The Ford Vedette was a Ford Social Anonyme France (Ford SAF) in the automotive plant Poissy from 1948 to 1954 produced cars of the upper middle class. The vehicle was unveiled in 1948 at the Paris Motor Show, however, had been entirely designed in Detroit. It resembled the contemporary Mercury models, but featured a 2158cc V8 engine with side valves in 1936 in France under the name Aquilon (the Roman god of the cold winds) imported version. Like American Ford and Mercury vehicles this time, built the car on on a separate chassis, which was bolted to the body.
This engine already had the pre-war Matford. He made only 60hp despite its considerable fuel consumption by European standards. Reasons for the poor performance of yield were the one hand, by the laterally projecting valves related combustion chamber shape (L-shape beyond the circle of the piston as to protrude), and secondly because of the varying and often poor quality of that fuel very low compression ratio (6.8: 1).
Added to this were the restrictions that brought the only triple bearing crankshaft with it. Sustained high speeds, as they are today common in highway driving, lead in this motor to vibrations of the crankshaft that are as loud hum audible inside the car, and increased wear up to material fatigue or even cause destruction. For this reason, the engine of Simca for model year 1961 (model Vedette Chambord) was again modified: The crankshaft was a vibration damper. But not even 4000 pieces were manufactured in that model year in France. Thereafter, in Europe, the production of this engine was completed. However Simca do Brasil built the vehicle initially almost unchanged. With a few changes, which also affected the engine, the production ran until 1969.
The front axle of the Ford Vedette of the first generation was different from the same old Ford Taunus, the front had a solid axle, run as independent suspension with upper and lower wishbones, coil springs and telescopic shock absorbers. In contrast to the elaborate for this time front suspension at that time quite customary rigid rear axle with leaf springs stood. It was not until a newer model of this first Ford Vedette (German: Star) Mounted on after the sale Simca in 1954 came as Simca Vedette on the market, equipped with new independent front suspension by Earle S. MacPherson. For the first time, known as MacPherson strut design in the English Ford Consul/Zephyr was built with a unibody construction from 1950 onwards.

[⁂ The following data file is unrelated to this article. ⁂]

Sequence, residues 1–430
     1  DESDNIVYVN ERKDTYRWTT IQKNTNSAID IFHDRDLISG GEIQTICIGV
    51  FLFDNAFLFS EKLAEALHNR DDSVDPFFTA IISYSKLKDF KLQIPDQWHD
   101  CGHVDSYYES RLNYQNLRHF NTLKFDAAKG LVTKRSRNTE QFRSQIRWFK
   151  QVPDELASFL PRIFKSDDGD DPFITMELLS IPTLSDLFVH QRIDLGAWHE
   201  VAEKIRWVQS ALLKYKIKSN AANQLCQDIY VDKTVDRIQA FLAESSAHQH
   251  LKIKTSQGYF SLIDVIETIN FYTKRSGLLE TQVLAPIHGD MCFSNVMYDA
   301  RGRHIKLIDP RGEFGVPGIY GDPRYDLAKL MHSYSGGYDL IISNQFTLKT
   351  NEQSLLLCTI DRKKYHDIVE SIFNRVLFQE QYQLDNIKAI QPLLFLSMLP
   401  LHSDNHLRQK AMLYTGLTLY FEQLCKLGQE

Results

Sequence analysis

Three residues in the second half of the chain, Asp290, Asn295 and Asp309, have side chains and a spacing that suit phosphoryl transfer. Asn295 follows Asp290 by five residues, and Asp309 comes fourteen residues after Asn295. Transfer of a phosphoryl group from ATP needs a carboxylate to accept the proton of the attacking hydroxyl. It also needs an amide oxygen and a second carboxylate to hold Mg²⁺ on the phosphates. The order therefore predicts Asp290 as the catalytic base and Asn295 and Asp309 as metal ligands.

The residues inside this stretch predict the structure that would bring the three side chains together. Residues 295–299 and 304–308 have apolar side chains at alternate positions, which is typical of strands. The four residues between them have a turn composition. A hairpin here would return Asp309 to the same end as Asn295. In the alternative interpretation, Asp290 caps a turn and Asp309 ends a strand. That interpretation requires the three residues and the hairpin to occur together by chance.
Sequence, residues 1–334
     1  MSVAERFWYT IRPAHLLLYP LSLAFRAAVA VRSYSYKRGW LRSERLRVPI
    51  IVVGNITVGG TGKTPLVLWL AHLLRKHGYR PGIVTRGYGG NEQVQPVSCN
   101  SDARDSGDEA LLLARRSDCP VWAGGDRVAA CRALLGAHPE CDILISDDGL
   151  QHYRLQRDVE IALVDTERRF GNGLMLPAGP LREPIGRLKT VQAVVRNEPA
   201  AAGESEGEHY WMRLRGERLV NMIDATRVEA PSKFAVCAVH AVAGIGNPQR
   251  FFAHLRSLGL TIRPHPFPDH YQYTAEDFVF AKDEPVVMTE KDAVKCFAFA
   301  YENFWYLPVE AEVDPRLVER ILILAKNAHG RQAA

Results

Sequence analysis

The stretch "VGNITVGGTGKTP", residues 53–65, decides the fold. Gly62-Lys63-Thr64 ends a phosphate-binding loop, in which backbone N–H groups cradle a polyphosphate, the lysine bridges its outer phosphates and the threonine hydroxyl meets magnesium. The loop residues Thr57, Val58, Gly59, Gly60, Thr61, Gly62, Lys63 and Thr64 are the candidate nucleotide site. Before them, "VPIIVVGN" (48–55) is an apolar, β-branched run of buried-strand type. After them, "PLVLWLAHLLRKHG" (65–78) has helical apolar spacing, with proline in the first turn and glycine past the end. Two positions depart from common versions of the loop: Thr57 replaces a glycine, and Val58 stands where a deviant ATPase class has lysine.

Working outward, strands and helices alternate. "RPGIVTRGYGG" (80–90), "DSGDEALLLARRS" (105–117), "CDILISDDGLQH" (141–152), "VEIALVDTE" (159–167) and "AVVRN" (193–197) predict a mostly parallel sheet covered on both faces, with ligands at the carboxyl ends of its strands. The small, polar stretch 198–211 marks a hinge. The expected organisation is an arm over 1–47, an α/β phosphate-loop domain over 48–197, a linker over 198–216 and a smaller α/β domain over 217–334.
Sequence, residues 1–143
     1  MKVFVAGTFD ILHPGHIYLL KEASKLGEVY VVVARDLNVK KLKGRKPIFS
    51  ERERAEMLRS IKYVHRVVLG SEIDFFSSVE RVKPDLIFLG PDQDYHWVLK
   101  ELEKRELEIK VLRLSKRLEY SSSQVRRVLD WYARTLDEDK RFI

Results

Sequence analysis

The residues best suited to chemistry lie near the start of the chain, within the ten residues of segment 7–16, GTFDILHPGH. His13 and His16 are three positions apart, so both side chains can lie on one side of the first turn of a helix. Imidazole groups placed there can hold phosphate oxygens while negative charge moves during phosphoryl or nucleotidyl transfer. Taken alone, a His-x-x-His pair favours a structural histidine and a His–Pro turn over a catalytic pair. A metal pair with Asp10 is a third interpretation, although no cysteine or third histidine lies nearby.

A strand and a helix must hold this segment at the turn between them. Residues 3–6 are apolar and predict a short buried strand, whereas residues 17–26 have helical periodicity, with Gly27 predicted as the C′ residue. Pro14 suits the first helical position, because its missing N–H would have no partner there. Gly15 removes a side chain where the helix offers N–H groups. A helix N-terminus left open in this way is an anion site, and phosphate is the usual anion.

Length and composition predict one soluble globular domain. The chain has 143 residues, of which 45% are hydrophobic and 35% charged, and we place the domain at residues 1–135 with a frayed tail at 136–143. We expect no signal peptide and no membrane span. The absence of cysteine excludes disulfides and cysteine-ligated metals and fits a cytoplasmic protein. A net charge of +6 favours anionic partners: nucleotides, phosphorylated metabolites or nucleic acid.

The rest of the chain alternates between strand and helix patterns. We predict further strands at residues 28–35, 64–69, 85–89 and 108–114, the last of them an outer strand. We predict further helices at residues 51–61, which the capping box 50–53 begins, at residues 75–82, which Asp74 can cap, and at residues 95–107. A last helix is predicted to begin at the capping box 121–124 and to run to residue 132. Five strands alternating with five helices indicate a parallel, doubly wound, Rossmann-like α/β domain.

Since Poissy could take as an assembly plant for war damage not immediately a full car production after the war, the first vehicles were manufactured at the French coachbuilder Chausson in Gennevilliers. Chausson was at this time a specialist for buses, which remained even after the takeover by Renault subsidiary Saviem main product. Another well-known vehicle whose body Chausson produced, was the Opel GT produced from 1968. The raw materials were not too high quality in the postwar period. Important components that had manufactured a variety of suppliers were allegedly detrimental to vehicle quality and contributed to the limited popularity with. During the six years of production, there was the Vedette in different versions: a four-door hatchback (with suicide rear doors), later a four-door sedan, a four-door hatchback based on the Convertible Sedan, Sunliner called the roll roofing settled roll over the entire passenger compartment, a two-door coupe and two-door convertible with a derivative of it called dê¤¡potable. The construction with separate frame on the American model allowed this variety of body styles.
Under the leadership of the new president of Ford France, Franè°©s Lehideux, the model was revised in 1950 and it received a stiffer frame. 1952 the car underwent a thorough facelift with an undivided windscreen, a redesigned interior with car cigarette lighter, also better shock absorbers, brakes and a larger trunk, which visually but did not let the car look better. At the Paris Motor Show in 1952 a luxury version was the Presented Vedette, the Ford Vendð¥¬ who was named by a larger 3923cc V8 engine, Mistral, driven, which had previously been used in trucks from Ford France and 84hp. In the same year, the five-door and five-seat hatchback model Ford Abeille ( Bee) Came out with a two-piece, horizontally split tailgate. With its sheet enclosed rear window cutouts and a payload of 500kg, it was considered more practical and comfortable estate. In the summer of 1952, three French riders broke on a Vedette with a streamlined body on a tubular frame in Montlhery several records in the class up to 2 liters, so they attracted some attention, the advertising took advantage.
Since the war, Ford had given the unsatisfactory sales performance and because of the strikes in Poissy tries towards the end of the decade to repel the work. A good opportunity came in 1954, when Henri Thê°¤ore Pigozzi, founder of the company acting increasingly successful French car maker Simca, according to a new factory for his growing business was looking for. Ford France was merged with Simca, where both the Ford plant in Poissy and all there produced models earned, including the renovated Vedette. The new model entered his debut at just under the name Simca Vedette, but was in some markets (including Germany and the Netherlands) sold until 1956 when Ford Vedette.